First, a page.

Certain situations require a high degree of spontaneity. We look up to those leaders who can manage their organizations through crisis and thread difficult situations using quick analysis and problem-solving skills. Technology can also make a difference; effective data sharing between law enforcement and mental health units will improve the outcomes of co-responder programs.
When you’re facing a crisis, there’s often little time to prepare or react. This rewards individual skill and ability. And it’s undoubtedly essential to have those skills as a leader or have tools and systems prepared for emergencies. But not every challenge we encounter is an impending crisis.
The global pandemic, for instance, has left leaders scrambling for the right response. Nobody could have foreseen the specifics of the outbreak. But many experts had previously pointed out issues in global supply infrastructure, organizational bloat, and lack of contingencies. The warning signs were evident; it didn’t have to be a coronavirus that would shake up the world. But not everyone was listening.
Similarly, in any story of business failure, you’re likely to find multiple instances where the insights to prevent failure were available well before the fact. But the people who could have made a difference either didn’t receive the message or didn’t see fit to act upon it. Feedback can have an invisible role in any company’s success, but it’s often more critical than the high-profile interventions we witness in moments of crisis.
Challenges to actionable change
Many business leaders do recognize the value of feedback. But for various reasons, their organizations might fail to apply that feedback effectively. Ultimately, feedback must be translated into improvements. Thus, when this process fails, any problems will typically fall into one of two categories: capture or transmission.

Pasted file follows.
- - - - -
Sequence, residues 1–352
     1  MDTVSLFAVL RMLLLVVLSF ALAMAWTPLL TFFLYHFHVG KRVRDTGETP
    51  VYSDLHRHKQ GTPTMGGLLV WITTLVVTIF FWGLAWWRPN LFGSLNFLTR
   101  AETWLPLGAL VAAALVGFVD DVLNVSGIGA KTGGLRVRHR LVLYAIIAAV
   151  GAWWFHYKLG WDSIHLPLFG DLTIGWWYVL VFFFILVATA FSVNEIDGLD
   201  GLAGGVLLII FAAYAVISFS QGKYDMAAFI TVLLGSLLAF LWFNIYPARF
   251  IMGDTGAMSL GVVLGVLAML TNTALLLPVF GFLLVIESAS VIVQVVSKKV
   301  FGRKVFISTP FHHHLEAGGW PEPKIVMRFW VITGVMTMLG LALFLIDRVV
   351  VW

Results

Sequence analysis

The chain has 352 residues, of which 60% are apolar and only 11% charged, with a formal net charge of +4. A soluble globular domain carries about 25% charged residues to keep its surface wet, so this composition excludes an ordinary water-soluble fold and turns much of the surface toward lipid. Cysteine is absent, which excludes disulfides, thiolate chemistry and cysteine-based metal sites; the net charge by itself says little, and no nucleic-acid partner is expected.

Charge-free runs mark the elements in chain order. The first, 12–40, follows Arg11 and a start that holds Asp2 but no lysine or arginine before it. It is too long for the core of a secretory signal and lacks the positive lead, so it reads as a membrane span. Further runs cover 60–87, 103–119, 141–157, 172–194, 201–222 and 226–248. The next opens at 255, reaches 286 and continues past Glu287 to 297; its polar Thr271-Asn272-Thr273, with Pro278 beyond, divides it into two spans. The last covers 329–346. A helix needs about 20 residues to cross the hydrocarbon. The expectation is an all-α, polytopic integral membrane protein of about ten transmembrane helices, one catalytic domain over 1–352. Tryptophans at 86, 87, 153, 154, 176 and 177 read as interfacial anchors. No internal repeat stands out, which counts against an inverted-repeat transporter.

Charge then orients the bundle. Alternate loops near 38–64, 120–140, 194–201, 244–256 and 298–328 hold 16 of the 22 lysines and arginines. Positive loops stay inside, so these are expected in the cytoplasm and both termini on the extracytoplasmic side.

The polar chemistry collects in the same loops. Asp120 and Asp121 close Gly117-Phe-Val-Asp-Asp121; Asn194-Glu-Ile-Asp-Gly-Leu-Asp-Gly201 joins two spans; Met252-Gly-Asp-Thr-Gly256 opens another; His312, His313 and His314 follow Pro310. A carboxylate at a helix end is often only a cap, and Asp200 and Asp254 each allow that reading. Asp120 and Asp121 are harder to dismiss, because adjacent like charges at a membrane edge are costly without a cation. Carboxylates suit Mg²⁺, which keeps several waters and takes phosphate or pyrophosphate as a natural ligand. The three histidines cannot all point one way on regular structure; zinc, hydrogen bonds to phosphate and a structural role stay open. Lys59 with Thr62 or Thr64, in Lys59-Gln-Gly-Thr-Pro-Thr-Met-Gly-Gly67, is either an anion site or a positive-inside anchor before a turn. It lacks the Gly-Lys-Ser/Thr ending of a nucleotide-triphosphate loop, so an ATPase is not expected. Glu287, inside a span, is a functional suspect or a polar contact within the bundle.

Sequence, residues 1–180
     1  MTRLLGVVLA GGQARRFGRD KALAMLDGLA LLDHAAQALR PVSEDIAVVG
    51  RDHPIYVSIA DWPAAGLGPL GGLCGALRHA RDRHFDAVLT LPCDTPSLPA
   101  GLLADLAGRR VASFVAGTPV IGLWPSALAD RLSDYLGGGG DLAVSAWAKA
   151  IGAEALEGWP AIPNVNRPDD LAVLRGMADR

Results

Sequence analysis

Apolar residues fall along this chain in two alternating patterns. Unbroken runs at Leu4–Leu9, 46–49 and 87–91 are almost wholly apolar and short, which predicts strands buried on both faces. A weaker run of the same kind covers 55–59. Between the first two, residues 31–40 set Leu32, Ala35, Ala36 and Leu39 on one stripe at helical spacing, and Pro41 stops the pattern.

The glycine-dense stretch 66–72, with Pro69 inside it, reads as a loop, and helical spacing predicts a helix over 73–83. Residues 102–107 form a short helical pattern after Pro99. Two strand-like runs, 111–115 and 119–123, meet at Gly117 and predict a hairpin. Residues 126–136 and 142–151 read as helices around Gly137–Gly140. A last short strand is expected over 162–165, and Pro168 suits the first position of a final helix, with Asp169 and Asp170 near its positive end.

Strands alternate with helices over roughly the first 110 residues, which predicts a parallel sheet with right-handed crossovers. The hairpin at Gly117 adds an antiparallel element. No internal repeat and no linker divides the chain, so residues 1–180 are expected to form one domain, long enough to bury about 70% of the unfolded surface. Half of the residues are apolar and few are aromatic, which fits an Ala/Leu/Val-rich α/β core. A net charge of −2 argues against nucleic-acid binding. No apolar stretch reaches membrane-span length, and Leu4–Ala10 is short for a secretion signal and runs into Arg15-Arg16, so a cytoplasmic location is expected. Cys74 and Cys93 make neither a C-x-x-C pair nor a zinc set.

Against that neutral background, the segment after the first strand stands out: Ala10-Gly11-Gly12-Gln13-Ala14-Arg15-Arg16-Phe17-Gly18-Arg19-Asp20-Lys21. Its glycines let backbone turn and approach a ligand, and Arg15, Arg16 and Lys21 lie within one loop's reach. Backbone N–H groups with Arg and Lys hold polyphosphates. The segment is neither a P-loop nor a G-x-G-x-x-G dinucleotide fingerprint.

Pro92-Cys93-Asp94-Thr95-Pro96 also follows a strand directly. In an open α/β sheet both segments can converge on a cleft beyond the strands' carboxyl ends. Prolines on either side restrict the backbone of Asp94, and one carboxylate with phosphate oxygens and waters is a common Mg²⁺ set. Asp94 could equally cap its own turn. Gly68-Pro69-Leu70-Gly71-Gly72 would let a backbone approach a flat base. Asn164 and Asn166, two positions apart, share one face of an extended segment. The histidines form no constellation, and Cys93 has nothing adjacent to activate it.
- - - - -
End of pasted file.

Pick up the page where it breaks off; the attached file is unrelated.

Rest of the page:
Capturing consumer feedback can be a complicated challenge. You want to strike the right balance in many aspects. Your team will need to be very specific in their goals to ask the right questions. They also need to use the appropriate channel to connect with the target consumer profile. Not everyone will respond to email surveys; some insights can only be gained from interviews or dialogues on social media.
Even if you’ve managed to capture feedback effectively, it must lead to actionable change. This is where internal issues come into play. Management might resist change, primarily if their current priorities lie elsewhere. Different departments have to consider their performance metrics. It becomes a challenge not only of data collection and analysis but of presentation and communication.
You want to convince decision-makers that change is needed. And you’ll need to get individual buy-in for change to happen. Then, of course, innovation comes into play; finding the right solution might require some experimentation. Many steps need to be taken before the feedback is used effectively.
A path to future survival
Companies have been encountering these problems for decades. Over the years, different approaches have been proposed to help bypass these issues. Two of these stand out as potential solutions for the future, provided that your organization is prepared to embrace the change.
The “Agile” approach to development calls for companies to work more closely with consumers. Using rapid, frequent iterations of development, you can use this methodology to build a better relationship with your consumers and enhance their experience with timely, relevant updates. On top of that, the “Lean” method enables you to apply continuous testing loops throughout the business, continually checking that you’re heading in the right direction.
The concepts behind agile and lean methods aren’t new; they’ve even been used together over the years. However, many companies have hesitated to apply them in the past. They place a high demand on the capabilities of workers and have been associated with layoffs or budget cuts.
Nonetheless, in the current era of the pandemic, signs are pointing towards lean and agile principles as the path to survival in the new normal. Consumer behaviors are known to shift in a recession. In a crisis, people seek out a human connection. As your people receive feedback from consumers, empowering them to devise and implement their solutions can be the only way to stay on top of change.
Take heed of the signs, and you can avoid being in constant crisis mode where every decision could make or break your company. Encourage teams to collaborate and become active partners with consumers and other stakeholders. This way, your organization can achieve the fluid transmission of feedback and carry out the necessary changes along the way.